Lord of the Flies – Curve, Leicester

Writer: Nigel Williams
Director: Timothy Sheader
Reviewer: Rosella Barnes


Whether one is familiar with the savage story, or meticulously study the text in school, William Golding’s Lord of the Flies has become one of our Nation’s most treasured pieces of literature. Published in 1954, Lord of the Flies soared in popularity and, as evident by the success of Nigel Williams’ adaptation, continues to be popular today.

The trajectory of the story follows the descent of English schoolboys into barbaric, tribal savagery, eventually turning against one another with bloody consequences. Stranded on a desert island, they must fend for themselves, faced with the momentous task of taking control of their situation to get rescued and dealing with the omnipresence of the “beast” on the mountain and the beast within themselves.

Despite the first act being a little slow, the threat of the fall of the boys into the “savages”, an identity Jack (Freddie Watkins) and his, often unsure, gang come to refer to themselves as, picks up in the final scenes. Watkins’ performance is particularly strong, he is menacing and bullyish while always embodying an overall sense of fear that is easily lost in the face of hunting, annoying Piggy (Anthony Roberts), or aggravating Ralph (Luke Ward-Wilkinson). It has to be said that the characterisations are extremely strong and if you know the text well the somewhat easily overlooked character Roger (Matthew Castle), is given a more central position on the stage which is bold and pays off thanks to Timothy Sheader’s direction. The dynamic between Roger and Jack is handled maturely and with great tension that only builds to the final crescendo in the jungle.

The ambiguity of Golding’s narrative has been muffled by Nigel Williams and creates a more inclusive portrayal for younger audiences. The beauty of Golding’s story lies in this idea that we don’t know why the boys are there, why are they on that plane, why are they from different schools?

The interrelationships between the boys seem, disappointingly, obviously class-based with Roger and Piggy’s uniform sit against the sniggers of Jack and his army of singers with Ralph standing, mildly, not bothered, in the middle. These distinctions sit uncomfortably along with the cringeworthy inclusion of setting this story in the twenty-first century. The boys take “selfies” and are not able to upload their snaps because “there’s no 3G, lads”. While this could appeal to some members of the audience, and it gets some laughs, it is unnecessary and Williams had no need to play around with a story with so many more interesting themes to draw out.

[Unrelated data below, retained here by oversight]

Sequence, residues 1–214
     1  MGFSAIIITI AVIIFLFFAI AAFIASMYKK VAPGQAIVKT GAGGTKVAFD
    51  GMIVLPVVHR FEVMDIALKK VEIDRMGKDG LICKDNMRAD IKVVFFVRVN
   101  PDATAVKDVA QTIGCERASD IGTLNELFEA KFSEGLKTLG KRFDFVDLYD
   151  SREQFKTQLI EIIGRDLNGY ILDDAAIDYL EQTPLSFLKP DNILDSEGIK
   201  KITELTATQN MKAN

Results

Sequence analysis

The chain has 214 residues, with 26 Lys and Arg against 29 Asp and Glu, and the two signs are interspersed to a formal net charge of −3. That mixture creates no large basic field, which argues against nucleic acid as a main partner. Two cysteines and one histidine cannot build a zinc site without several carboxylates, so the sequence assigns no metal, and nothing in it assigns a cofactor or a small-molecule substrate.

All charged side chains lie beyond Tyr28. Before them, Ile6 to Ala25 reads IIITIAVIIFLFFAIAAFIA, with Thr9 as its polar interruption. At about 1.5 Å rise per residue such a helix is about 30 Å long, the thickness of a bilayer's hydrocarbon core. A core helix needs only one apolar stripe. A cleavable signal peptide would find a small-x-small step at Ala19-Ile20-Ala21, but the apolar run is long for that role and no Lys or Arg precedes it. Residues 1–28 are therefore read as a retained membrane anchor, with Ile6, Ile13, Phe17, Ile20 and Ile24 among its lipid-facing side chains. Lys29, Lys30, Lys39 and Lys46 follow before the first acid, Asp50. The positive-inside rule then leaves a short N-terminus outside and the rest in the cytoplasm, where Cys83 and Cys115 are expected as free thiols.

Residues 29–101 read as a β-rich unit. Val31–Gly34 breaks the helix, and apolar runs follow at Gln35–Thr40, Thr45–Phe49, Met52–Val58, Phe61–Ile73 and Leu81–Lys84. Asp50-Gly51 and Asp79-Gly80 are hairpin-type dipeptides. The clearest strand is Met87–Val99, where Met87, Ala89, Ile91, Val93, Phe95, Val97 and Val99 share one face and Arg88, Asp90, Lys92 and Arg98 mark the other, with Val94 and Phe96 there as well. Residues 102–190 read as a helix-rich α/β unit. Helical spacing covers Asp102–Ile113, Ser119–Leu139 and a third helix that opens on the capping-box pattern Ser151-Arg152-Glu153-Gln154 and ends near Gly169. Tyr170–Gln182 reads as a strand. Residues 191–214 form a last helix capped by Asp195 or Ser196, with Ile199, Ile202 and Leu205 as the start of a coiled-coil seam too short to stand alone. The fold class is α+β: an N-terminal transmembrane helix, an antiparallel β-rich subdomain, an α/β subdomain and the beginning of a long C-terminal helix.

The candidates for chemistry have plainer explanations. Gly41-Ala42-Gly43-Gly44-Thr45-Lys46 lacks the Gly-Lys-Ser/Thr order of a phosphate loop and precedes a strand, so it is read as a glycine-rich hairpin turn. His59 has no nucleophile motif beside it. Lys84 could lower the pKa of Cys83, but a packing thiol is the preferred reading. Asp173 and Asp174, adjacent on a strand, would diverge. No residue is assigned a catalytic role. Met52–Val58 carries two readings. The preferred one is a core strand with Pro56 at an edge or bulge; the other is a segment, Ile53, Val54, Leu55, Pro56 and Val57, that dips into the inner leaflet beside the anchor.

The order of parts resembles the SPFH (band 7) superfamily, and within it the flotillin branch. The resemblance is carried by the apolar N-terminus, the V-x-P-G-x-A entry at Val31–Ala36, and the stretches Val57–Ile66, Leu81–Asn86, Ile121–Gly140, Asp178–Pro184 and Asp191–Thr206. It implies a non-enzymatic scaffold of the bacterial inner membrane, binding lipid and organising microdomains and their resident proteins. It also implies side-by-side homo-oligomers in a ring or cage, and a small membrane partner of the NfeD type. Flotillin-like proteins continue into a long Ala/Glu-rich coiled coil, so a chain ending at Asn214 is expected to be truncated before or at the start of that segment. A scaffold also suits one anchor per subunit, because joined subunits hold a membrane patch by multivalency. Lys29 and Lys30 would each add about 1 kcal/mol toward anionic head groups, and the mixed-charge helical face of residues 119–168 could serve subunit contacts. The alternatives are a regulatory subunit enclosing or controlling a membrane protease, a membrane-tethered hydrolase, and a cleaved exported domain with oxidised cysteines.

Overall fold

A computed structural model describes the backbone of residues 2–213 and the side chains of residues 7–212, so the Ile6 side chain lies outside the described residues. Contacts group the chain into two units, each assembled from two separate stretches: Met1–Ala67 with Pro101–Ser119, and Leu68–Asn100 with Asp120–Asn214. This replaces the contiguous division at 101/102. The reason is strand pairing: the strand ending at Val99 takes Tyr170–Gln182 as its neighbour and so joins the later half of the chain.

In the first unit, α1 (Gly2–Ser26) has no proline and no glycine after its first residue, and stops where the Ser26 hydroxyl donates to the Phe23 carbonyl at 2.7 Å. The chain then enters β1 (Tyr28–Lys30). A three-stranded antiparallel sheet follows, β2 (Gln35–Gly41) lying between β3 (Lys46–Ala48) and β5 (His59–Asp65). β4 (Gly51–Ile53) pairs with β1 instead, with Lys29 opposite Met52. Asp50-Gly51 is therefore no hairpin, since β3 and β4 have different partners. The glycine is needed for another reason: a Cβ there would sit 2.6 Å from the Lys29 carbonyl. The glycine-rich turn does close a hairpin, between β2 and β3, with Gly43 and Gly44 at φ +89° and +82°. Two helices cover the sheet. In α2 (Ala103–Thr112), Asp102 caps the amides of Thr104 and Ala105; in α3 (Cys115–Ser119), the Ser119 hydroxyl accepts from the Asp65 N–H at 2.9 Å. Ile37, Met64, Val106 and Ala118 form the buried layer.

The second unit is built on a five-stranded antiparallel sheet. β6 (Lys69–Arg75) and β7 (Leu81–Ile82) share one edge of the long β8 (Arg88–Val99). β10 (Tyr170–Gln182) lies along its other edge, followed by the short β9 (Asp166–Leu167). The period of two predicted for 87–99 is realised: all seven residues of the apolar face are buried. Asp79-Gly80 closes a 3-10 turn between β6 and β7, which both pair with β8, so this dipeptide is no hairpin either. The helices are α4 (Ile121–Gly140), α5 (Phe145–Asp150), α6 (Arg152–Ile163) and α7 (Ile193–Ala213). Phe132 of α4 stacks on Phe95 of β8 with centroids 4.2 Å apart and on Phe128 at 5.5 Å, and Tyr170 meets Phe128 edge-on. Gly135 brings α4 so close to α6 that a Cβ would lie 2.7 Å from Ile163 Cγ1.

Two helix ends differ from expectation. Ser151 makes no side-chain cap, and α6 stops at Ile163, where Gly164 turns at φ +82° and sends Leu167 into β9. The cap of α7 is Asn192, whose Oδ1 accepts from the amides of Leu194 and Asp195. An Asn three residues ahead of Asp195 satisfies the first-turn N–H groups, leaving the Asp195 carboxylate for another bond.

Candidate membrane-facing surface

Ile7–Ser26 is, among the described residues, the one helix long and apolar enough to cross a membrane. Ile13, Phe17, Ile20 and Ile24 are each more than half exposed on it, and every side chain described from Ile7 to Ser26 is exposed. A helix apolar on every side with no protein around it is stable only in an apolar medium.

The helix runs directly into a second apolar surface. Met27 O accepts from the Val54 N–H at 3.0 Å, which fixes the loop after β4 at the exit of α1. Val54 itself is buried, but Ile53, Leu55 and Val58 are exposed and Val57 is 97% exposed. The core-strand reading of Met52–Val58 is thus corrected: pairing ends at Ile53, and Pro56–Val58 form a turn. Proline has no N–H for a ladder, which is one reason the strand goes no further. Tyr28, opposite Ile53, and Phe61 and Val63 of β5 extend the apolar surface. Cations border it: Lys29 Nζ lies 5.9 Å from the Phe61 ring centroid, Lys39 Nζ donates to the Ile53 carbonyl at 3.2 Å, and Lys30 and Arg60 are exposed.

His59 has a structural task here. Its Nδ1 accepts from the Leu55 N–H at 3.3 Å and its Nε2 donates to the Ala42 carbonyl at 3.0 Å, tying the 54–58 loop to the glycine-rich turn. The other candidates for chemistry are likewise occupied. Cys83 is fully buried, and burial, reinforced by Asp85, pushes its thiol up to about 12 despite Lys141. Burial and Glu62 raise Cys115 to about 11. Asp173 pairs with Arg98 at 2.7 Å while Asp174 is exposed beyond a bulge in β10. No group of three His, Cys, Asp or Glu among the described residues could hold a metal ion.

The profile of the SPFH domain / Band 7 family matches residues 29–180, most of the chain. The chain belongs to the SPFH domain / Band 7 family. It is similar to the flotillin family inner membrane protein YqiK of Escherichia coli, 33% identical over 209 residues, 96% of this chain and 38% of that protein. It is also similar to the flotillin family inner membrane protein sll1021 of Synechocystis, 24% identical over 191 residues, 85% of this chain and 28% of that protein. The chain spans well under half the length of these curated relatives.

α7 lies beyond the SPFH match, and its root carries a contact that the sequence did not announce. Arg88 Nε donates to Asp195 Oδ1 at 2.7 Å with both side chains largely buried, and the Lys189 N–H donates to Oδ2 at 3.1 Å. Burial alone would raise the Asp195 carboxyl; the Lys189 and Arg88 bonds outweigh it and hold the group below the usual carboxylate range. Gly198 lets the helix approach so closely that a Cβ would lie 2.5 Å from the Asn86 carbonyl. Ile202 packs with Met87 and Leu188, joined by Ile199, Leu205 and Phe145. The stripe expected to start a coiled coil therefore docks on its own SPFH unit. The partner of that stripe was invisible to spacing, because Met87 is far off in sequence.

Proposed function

Saying that, this is on the way to being a triumph. In retrospect, the obvious exclamations from Piggy and Ralph, the “us and them” leading to “well, who are we?” in Act One set up a performance that is embedded in Golding’s exploration of the nature of being human, and the notion that there are those who have the individual disposition to be truly savage.

As the tension builds, the choreography led by Fight Director Kate Waters and Co-Director Liam Steel fantastically illustrates the boys uniting in a common evil and demands the attention of the audience. Visually, the designer Jon Bausor’s crashed plane, the suitcases and belongings dispersed around the surrounding jungle landscape offer a dramatic focus like nothing else.

Despite its flaws, this is a good play. It is demanding, mesmerising at times, challenging in its themes, but also extremely accessible to a wide-ranging audience. With only a few more stops on its tour, this is a worthwhile adaptation of much-loved classic.

Being human is a vulnerable thing, the play asks us to be critical about this, about our vulnerability to subtle but powerful forces – group pressures, authority figures, the dehumanisation of others, and the survival of the fittest – who can kill and who can’t, who can keep control and keep to the rules and who can’t. Just as Golding’s questions for society’s ability to rule war and evil over our humanity, the wider notions of what makes us really human remain as poignant now in this play as they did in 1954.

Runs until13 February 2016 and on tour | Image: Johan Persson

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